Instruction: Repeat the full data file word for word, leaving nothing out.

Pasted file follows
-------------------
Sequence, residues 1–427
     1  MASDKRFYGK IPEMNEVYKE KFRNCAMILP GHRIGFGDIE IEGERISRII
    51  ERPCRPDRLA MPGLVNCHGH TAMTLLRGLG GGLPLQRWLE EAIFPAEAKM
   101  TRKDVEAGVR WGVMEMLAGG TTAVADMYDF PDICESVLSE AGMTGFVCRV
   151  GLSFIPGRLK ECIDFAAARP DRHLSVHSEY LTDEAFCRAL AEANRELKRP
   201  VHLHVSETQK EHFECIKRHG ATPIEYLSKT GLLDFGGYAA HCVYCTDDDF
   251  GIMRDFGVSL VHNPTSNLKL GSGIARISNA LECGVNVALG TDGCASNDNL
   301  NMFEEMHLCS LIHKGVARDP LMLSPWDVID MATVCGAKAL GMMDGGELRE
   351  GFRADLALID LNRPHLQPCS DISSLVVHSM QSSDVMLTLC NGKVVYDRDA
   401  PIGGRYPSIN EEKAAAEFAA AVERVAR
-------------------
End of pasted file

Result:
Sequence, residues 1–427
     1  MASDKRFYGK IPEMNEVYKE KFRNCAMILP GHRIGFGDIE IEGERISRII
    51  ERPCRPDRLA MPGLVNCHGH TAMTLLRGLG GGLPLQRWLE EAIFPAEAKM
   101  TRKDVEAGVR WGVMEMLAGG TTAVADMYDF PDICESVLSE AGMTGFVCRV
   151  GLSFIPGRLK ECIDFAAARP DRHLSVHSEY LTDEAFCRAL AEANRELKRP
   201  VHLHVSETQK EHFECIKRHG ATPIEYLSKT GLLDFGGYAA HCVYCTDDDF
   251  GIMRDFGVSL VHNPTSNLKL GSGIARISNA LECGVNVALG TDGCASNDNL
   301  NMFEEMHLCS LIHKGVARDP LMLSPWDVID MATVCGAKAL GMMDGGELRE
   351  GFRADLALID LNRPHLQPCS DISSLVVHSM QSSDVMLTLC NGKVVYDRDA
   401  PIGGRYPSIN EEKAAAEFAA AVERVAR